Wheelchairs for feet? Nope, but Wile E. Coyote would be proud. (via ACTION)
Wile E. Coyote has to be one of the most hard working cartoon characters in history. He is renowned for coming up with the most preposterous ideas and contraptions in order to catch the ever-elusive Road Runner. When conventional tactics failed (like planting stop signs), he turns to the Acme corporation to help him catch the bird using crazy devices or contraptions such as the Acme Super Outfit (thought he could actually fly like Superman), Acme Bumblebees (supposed to incapacitate the bird) and rocket-powered roller-skates, which usually leaves him sailing over a cliff edge or slammed into a boulder.
Now, thanks to inventor Peter Treadway and his company ACTON, we can relive those crazy antics in real-life with their R-series RocketSkates. Unlike the Coyote’s skates, these are not propelled by solid-fuel rockets strapped to your feet but rather two hub-motors for each skate. Those hub-motors are controlled by an onboard microprocessor that is powered by rechargeable lithium-ion battery packs.
To prevent the skates from traveling faster or slower than the other (truly causing a Wile E. Coyote incident), they communicate with one another wirelessly via Bluetooth to maintain behavior. That wireless connections is also used by an included app that features a dashboard with pertinent information such as how many miles have been traveled (odometer), a convenient battery meter as well as skate diagnostic information for handling any issues that may arise. The app also features route-tracking information to see the route that has been traveled and load that information to social sites for friends and family to follow.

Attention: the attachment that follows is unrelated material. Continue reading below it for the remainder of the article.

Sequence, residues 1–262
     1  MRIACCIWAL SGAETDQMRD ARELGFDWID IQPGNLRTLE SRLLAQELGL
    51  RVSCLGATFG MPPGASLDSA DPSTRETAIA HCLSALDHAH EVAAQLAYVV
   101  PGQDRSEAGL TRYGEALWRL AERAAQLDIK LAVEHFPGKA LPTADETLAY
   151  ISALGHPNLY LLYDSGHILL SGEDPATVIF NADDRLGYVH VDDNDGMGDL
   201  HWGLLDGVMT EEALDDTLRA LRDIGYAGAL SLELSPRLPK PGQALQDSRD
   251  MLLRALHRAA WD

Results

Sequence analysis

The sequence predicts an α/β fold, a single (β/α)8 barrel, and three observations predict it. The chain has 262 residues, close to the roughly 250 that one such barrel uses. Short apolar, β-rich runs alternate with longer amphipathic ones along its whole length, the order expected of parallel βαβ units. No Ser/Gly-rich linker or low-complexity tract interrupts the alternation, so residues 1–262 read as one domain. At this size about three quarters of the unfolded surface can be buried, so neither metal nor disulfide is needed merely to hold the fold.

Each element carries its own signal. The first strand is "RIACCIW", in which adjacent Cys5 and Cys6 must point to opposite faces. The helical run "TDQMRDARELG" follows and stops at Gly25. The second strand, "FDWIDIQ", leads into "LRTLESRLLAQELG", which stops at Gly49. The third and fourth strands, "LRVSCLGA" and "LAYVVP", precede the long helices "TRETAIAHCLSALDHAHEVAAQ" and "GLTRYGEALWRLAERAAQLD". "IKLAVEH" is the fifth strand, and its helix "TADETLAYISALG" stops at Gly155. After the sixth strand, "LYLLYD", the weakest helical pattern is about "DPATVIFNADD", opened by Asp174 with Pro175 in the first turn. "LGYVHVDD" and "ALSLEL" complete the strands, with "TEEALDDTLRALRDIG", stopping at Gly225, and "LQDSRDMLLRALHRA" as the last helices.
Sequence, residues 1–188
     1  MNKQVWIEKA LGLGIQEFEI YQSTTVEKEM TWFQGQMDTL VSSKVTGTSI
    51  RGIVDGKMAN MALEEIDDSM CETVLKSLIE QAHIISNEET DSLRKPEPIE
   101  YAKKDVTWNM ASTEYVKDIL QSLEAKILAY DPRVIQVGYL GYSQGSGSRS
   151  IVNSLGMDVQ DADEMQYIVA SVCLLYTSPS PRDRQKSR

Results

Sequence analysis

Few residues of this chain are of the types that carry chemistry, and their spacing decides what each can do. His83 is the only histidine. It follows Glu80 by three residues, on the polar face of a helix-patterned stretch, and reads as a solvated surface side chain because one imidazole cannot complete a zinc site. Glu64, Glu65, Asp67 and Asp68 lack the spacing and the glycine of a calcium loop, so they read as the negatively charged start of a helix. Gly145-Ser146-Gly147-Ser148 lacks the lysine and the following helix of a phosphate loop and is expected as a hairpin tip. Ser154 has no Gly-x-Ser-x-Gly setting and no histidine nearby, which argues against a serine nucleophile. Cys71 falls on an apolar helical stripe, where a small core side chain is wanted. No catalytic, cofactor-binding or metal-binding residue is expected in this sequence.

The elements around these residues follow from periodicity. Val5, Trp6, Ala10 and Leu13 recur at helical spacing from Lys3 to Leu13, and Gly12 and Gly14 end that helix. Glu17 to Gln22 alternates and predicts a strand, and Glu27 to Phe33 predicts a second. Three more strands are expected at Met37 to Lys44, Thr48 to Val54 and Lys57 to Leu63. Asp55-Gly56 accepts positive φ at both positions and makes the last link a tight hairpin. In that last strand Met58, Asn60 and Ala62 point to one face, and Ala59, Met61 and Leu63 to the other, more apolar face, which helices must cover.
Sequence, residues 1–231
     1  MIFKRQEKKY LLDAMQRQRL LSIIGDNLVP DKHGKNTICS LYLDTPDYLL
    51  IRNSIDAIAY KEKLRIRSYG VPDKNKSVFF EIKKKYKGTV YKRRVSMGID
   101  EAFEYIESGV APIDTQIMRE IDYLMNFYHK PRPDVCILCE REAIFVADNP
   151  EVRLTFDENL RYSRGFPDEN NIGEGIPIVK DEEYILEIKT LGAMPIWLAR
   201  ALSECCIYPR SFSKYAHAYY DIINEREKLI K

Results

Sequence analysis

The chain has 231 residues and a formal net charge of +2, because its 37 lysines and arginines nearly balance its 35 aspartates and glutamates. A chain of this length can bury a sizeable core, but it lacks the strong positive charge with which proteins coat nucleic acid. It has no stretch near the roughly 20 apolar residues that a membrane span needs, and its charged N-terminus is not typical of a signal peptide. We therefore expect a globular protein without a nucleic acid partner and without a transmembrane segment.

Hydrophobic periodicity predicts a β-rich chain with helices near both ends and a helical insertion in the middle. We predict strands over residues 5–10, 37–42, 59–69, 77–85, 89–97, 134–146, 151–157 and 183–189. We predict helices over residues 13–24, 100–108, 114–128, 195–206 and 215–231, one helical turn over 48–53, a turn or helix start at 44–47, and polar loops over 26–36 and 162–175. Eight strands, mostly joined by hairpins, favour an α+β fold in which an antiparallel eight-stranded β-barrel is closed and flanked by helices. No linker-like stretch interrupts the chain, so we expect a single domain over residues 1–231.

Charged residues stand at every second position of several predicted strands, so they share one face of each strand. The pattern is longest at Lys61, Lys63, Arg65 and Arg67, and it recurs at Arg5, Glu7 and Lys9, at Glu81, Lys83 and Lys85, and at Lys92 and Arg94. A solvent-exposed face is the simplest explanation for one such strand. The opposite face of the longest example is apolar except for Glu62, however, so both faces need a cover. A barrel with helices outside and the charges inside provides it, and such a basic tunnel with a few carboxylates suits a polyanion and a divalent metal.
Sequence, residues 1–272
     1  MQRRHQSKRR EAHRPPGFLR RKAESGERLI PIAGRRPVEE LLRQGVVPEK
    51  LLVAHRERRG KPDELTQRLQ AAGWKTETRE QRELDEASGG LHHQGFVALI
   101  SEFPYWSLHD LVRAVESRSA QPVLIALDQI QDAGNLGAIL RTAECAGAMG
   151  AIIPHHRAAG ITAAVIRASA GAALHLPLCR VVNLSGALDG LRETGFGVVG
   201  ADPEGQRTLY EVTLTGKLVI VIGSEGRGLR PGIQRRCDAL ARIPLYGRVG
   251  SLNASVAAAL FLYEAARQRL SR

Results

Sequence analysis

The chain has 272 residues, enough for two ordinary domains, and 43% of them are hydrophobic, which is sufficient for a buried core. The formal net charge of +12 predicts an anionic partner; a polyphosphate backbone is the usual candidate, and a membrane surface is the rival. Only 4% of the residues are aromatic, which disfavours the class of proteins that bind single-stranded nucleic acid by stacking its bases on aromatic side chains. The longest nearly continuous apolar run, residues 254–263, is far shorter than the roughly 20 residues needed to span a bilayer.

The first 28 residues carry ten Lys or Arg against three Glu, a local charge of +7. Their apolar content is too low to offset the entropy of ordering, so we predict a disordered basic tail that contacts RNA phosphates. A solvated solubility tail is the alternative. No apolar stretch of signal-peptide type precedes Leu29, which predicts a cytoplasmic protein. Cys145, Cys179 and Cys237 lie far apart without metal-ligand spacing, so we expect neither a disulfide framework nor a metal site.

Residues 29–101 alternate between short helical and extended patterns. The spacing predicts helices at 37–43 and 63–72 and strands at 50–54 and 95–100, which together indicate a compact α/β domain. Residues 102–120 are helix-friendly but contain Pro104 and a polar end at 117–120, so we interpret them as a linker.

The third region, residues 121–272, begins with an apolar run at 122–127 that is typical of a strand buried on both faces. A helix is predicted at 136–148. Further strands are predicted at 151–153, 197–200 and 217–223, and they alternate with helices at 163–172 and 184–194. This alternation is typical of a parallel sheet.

Users can even control their skates wirelessly while wearing them or not, including using them for RC fun using mounted cameras or cruising when your feet get tired. Controlling the skates is actually done using your feet alone, just like regular skates but the extra benefit of controlling them through a smartphone gives them more versatility. Using them is similar to using regular skates and starts be determining which foot is your lead-foot (normally the one you push off with). The lead skate then tells the follower what to do in terms of speed, direction and orientation.
Next, users press a function button on the back of each skate, which starts the brushless hub-motors. LED indicators let users know when the skates are ready to go and are synced with one another. At this point users simply roll to engage the motors. Speed is increased or decreased by shifting weight to the forward or heel of the lead skate, which will instruct the other skate to do the same. The R-series RocketSkates consist of three models that are identical but feature increased distances and time ranges that it takes to travel that distance.
The all travel at the same speed of 12Mph, however the R6 has a max distance of 6-miles, while the R8 has an 8-mile range and the R10 a 10-mile range respectively. The ACTON R RocketSkates are being crowd-funded through Kickstarter and has already surpassed their goal of $50,000 with over $200,000 and over 30 days left to go. Those interested in getting their hands on the skates can pledge $399 and up but they probably won’t let you catch the illusive Road Runner anytime soon.
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